Reinventing Human Identity

I recently wrote a review of the new book by Calvin Martin Luther, The Great Forgetting. I followed up his Resilient Elephant Familybook title in my post title with the question: —Who Are We Anyway?
Luther’s new book was actually first published as the foreword to a book by Gay Bradshaw, PhD, PhD, the founding director of The Keurlos Center, and author of Elephants on the Edge: What Animals Teach Us about Humanity.
Here I’d like to point you to the blog, Animal Visions, and a post, Trans-Species Living: An Interview with Gay Bradshaw. The Interview begins with the question:
“What is trans-species psychology and how did you get involved in starting this new field?” And continues:

Trans-species psychology describes a common model of brain, mind, and behavior for all animals, human inclusive. It draws from research in three main fields: neuroscience, ethology, and psychology. Why “trans” and why “psychology”? Trans re-embeds humans within the larger matrix of the animal kingdom by erasing the “and’ between humans and animals that has been used to demarcate and reinforce the false notion that humans are substantively different cognitively and emotionally from other species…”
Here’s a longer nugget from the interview:

“Why create a new field of psychology? Because psychology encompasses not only what we think but why and how we think and act the way we do. It integrates philosophy and science. As we transition from one paradigm, call it the Cartesian, to another, trans-species, we are in the process of re-examining fundamental assumptions that we took for granted—specifically those that assumed animals as “less than” humans and are based on animal exploitation. Inadvertently, the science community has set western culture on its head with recognizing human-animal mental comparability. Humanity is challenged to re-think almost every aspect of modern culture. We are charged with a re-creation of ethics and reasons and ways of knowledge-making that reflects our understanding that animals are fully sentient beings. Psychology, and in particular those schools of thought such as depth psychology that are implicitly philosophical and existential, provide a synoptic, bird’s eye view to examine our past projections—what we thought animals were—and deconstruct them. Even science cannot continue as is because it is still driven by a social-political agenda that legitimizes animal exploitation. Animals remain objectified in the frame of conventional science. We are faced with rediscovery and re-inventing human identity.”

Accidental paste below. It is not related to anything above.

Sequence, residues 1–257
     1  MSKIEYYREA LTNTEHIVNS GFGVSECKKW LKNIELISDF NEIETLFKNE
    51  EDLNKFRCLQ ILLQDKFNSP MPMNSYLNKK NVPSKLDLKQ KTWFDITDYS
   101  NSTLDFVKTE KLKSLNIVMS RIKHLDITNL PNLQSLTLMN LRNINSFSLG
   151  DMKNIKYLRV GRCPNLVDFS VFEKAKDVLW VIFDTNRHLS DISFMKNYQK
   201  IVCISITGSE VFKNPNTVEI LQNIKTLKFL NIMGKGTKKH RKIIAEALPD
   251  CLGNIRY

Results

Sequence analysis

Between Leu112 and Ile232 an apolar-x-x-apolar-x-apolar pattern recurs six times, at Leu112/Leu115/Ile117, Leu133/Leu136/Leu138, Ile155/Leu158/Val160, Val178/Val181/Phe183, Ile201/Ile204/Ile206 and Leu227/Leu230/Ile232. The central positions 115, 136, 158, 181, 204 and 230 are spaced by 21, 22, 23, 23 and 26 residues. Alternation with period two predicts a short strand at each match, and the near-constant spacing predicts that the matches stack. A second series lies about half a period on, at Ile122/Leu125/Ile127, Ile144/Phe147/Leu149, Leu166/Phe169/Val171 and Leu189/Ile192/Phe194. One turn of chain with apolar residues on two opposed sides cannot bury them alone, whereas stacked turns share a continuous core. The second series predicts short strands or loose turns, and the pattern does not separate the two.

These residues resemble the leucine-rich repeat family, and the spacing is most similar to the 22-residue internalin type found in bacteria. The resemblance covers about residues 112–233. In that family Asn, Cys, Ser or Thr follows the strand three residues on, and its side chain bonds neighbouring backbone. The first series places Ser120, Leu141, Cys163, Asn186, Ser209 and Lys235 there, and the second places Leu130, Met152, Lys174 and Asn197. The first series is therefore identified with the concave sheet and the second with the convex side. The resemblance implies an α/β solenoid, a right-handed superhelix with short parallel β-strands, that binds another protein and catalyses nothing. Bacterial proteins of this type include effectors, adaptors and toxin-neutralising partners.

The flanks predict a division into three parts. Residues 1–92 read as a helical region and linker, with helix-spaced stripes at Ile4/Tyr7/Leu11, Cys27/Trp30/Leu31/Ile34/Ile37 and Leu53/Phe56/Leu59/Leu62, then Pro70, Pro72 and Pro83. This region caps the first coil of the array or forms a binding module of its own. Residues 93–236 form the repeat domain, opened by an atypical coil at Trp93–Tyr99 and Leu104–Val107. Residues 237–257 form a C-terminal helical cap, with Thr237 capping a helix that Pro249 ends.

I recommend a keyboard stroll over to the Animal Visions blog for the rest of this interview, and more explorations into the rediscovery of what it is to be human. And I also want to offer Animal Visions my first  Voices of Wholeness Blog Award. (More on that to come later.)
But before you go, just to warm the cockles of your heart during this holiday season, check out this news item video from msnbc: Elephants can read your heart. Turns out elephants are more ‘human’ than we thought; or perhaps, just perhaps we are more elephant than we thought! (The msnbc source site seems to be down so I’ve changed the link for now. It should now work.)

Imagine, then, the power of conscious narrative, of myths and tales intentionally constructed and repeated that would inform and instruct us in ‘proper’ attitudes toward nature.Linda Vance


Readers! What blogs would you like to acknowledge as Voices of Wholeness? What blogs do you go to for inspiration and information that support you in connecting with the ‘all‘ of who you are?


  1. rebeccalerner

    01/19/2011 at 2:30 am

    Love this post. Reminds me of the new book “Zoo Story” by Thomas French, who wrote about spending five years at a Florida zoo and how it changed the way he now looks at human behavior.

  2. Larry Glover

    01/21/2011 at 2:32 am

    Thanks for the Zoo Story tip, and I love your blog!

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